This House is Haunted: Famous Poltergeist Cases
Poltergeist cases have always enthralled and bewildered modern scholars of the supernatural. Their utterly random nature and unpredictability presents challenges to any and all who would study them. And those who have to live through them learn the true meaning of terror - especially those on the direct receiving end of the poltergeist's attentions...
Of course, through Wraith: the Oblivion we have our own, in-game explanation as to what happens when objects break or start to fly across the room. However, it's always fun to look at things from the other side of the equation: what might a mortal investigator of the paranormal with absolutely nothing in Wraith Lore fall back on when things start to go crazy? He has no idea about "Haunters" or "Pandemonium," but he does have an utterly immense library of psychic phenomenon to pour over for an answer.
So, for those Storytellers who enjoy some "realism," we proudly present a quick look at Poltergeists and a well-known event from each of the more recent Wraith eras (Victorian Age, The Great War, and the Modern Day). This would be a great resource for Storytellers who want to run a Quick and the Dead-style game with poorly-informed characters, look at Orpheus from the perspective of someone outside the Orpheus Group, or else portray a modern-day Psychic Researcher who has no bloody idea what he's stumbled onto.
Poltergeists in General:
Most psychic researchers consider Poltergeists not to be ghosts at all, but something entirely different. In traditional hauntings, the presence felt or seen can be tied back to an individual or an occurrence: the cold drafts come from the room where Aunt Agnes died, the blood stains appear where the traveling salesman was murdered in 1865, etc. However, with poltergeist cases, the effects literally come from nowhere, and often disappear right back into it just as unexpectedly.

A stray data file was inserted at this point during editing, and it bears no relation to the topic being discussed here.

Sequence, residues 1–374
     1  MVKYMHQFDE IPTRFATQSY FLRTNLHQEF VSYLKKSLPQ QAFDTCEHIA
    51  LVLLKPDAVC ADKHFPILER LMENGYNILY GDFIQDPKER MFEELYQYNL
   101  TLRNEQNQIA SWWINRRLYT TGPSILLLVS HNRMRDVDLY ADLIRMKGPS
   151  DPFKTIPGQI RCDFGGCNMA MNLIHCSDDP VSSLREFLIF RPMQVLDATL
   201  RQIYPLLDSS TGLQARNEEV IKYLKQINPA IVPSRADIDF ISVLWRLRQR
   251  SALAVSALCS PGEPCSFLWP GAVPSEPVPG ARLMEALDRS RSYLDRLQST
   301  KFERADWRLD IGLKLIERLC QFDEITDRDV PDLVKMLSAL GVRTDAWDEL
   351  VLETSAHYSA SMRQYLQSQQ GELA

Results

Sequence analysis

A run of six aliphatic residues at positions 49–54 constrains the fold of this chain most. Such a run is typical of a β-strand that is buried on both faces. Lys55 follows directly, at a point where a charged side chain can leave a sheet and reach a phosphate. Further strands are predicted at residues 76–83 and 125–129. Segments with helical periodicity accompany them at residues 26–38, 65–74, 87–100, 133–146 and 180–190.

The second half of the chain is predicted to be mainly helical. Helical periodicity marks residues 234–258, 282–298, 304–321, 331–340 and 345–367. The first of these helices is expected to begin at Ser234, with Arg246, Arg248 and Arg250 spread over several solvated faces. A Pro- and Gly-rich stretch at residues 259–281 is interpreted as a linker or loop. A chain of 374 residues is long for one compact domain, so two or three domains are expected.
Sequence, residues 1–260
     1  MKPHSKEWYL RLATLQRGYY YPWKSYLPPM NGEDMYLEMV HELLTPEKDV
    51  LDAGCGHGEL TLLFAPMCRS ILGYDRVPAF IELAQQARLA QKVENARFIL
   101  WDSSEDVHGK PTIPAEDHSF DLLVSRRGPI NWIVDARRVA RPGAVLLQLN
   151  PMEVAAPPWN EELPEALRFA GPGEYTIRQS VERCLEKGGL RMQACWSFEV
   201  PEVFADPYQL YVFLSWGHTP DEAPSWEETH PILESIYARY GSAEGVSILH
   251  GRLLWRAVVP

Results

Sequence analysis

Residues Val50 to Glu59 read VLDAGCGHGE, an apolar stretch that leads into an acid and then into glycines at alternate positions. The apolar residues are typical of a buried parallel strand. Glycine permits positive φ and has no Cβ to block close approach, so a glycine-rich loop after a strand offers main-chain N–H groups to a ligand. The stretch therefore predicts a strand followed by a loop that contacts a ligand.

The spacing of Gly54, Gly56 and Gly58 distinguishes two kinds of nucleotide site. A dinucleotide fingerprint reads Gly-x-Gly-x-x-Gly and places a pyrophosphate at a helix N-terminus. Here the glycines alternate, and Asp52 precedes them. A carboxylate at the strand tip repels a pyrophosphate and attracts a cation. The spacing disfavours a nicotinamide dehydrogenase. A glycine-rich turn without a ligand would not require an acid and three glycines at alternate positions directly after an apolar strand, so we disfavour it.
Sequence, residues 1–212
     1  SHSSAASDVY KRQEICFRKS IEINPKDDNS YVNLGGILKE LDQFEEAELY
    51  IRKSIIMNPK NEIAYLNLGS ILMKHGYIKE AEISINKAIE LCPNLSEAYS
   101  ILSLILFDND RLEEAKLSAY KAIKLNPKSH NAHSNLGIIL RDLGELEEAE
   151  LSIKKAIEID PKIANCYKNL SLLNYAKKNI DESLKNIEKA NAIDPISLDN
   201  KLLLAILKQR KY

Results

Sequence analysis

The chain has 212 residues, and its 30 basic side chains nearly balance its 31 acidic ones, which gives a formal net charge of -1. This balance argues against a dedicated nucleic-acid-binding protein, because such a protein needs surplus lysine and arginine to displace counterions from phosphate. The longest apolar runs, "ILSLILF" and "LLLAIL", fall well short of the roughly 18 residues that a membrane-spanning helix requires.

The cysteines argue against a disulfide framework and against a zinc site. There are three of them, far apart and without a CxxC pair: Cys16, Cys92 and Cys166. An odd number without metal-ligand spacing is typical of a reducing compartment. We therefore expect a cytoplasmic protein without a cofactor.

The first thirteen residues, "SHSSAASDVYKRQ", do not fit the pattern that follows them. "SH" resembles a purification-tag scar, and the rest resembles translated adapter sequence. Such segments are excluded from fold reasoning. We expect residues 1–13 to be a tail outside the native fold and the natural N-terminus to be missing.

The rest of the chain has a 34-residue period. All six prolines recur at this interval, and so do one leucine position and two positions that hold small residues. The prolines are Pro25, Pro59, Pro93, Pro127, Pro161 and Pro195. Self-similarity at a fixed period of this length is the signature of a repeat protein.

Poltergeist cases tend to center around one unlucky person, known as the "Agent." They are often children or teenagers, and tend to be going through tough times at the time the events start. Sometimes the activity ends if the poor situation changes for the better, and sometimes the events end without any such prompting.
Some researchers of the paranormal are of the thought that the unusual activity may be caused by the agents, themselves, rather than an outside entity. In short, the Agent unconsciously causes the activity as a result of the anger and inner turmoil that he feels. This is known as the theory of Repressed Psychokinetic Energy - RPE, for short.
The RPE theory came into being around the early part of the 20th century, courtesy of the psychic research that had come out of the Spiritualist craze of the previous age. Prior to that, Agents were thought to be possessed by demons or attacked by ghosts.